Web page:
Star Anise

If you have ever had the Vietnamese dish called pho or had chai tea, you have experienced the power of star anise. It beckons you with its aesthetically beautiful star shape and its sweet licorice aroma. Star anise has been used in medicine for years as a fighter against asthma, the flu, arthritis, and digestive issues. The star itself isn’t edible but it can be put in dishes for flavoring. Try putting it in your next crock pot meal, soup, or anything that requires extended cooking time. If you want to try switching up your coffee routine, try steeping it in hot almond milk with cardamom for a homemade masala chai latte. It will soothe your stomach and give you an energy kick.


Please take what you’re about to read with a grain of salt. OK now that that’s out of the way, I know salt is not uncommon. But it might be uncommon to hear that you should use it! People are so afraid of sodium that they go overboard in limiting their intake. Contrary to popular belief, salt isn’t bad for you. Too much salt is bad, but too much of anything is bad! Runners need salt. Nearly all of our metabolic processes, including the ones that keep our muscles functioning, are dependent on sodium. Salt is excreted in sweat and urine so we need to replace it. Only if you eat a lot of processed foods, which are loaded with sodium, you might need to worry about your sodium intake. But if you eat naturally, don’t be afraid to add salt! The good thing about salt is that it goes with almost anything. I like to sprinkle it on eggs with black pepper and cayenne. To bring out the sweetness, sprinkle it on fruit like watermelon or grapefruit. I put a teaspoon in when I make a batch of dark chocolate granola. You will see it used in many recipes for energy bars and protein bars. It’s so important to replace salt in our body when we are exercising that we have created salt tablets for runners much like salt licks for horses. So the next time your food is missing something, before you empty out your spice cabinet, don’t forget about good ol’ table salt. Or pink Himalayan salt. Or sea salt. Whatever floats your boat!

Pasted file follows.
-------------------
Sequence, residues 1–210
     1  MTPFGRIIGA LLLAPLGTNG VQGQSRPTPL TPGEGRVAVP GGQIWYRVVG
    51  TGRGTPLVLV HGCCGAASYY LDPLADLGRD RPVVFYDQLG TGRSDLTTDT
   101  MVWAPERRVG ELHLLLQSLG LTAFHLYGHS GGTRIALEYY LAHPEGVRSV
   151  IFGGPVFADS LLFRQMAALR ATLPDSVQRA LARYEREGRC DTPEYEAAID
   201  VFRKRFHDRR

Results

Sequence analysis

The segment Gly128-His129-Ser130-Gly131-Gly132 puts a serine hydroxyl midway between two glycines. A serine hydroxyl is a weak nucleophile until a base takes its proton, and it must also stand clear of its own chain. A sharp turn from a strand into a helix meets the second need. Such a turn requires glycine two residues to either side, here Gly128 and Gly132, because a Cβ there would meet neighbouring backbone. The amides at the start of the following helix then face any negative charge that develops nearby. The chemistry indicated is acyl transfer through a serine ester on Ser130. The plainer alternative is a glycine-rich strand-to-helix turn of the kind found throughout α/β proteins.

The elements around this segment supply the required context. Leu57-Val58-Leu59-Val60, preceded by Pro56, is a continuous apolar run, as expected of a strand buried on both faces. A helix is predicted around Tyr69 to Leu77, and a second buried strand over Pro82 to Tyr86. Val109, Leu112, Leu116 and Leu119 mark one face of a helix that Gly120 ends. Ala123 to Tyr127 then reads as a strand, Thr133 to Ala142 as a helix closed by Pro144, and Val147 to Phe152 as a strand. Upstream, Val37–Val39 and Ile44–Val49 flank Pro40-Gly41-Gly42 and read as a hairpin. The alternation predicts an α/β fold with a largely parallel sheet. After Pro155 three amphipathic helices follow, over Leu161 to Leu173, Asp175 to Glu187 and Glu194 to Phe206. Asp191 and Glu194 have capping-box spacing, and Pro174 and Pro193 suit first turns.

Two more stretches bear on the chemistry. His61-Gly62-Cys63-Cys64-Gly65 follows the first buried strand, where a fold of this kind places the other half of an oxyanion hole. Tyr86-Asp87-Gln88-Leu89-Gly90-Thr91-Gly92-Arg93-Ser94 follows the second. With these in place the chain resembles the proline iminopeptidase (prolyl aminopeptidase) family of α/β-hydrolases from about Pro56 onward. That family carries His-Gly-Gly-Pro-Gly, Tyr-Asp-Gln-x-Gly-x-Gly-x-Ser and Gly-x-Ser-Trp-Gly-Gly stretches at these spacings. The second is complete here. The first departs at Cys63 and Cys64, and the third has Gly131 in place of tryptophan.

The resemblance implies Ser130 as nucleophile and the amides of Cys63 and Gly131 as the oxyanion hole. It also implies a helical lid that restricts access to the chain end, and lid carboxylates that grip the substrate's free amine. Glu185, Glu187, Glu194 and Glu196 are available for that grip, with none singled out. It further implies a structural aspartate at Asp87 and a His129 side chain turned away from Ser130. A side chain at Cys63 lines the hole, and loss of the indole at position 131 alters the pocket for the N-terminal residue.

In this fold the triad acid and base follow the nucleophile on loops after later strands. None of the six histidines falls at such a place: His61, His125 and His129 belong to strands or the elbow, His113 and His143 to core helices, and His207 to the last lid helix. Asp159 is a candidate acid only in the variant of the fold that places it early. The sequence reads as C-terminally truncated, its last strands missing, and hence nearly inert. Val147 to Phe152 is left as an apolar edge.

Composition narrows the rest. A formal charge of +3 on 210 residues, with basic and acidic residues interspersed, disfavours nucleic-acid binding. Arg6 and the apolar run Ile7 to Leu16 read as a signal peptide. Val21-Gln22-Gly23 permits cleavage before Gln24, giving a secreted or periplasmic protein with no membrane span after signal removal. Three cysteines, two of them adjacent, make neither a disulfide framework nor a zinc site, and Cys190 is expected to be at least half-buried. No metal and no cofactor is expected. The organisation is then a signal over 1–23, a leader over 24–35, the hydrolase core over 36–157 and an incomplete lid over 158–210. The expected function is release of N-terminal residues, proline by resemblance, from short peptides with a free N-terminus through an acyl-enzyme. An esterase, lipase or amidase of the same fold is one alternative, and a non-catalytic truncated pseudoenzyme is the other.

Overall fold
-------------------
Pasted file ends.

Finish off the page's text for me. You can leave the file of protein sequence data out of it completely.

Parsley is easily spotted at most grocery stores (unless you get it confused with cilantro all the time like me). But considering its powerful anti-inflammatory properties, it is not used as much as it should be. Parsley is rich with antioxidants and vitamins A and C. I prefer fresh parsley because its flavor and color are more intense but dry parsley works better for extended cooking. Try putting some fresh parsley leaves in your next green smoothie, in an omelet, or as garnish for anything! My favorite way to maximize my parsley intake is tabouli. It is a Mediterranean salad dish with bulgur wheat, chopped onions, tomatoes, and a lot of parsley. Once you start incorporating parsley into your diet, you can’t live without it!


*Mainly sourced from from Healing Spices: How to Use 50 Everyday and Exotic Spices to Boost Health and Beat Disease, Bharat B. Aggarwal, PhD.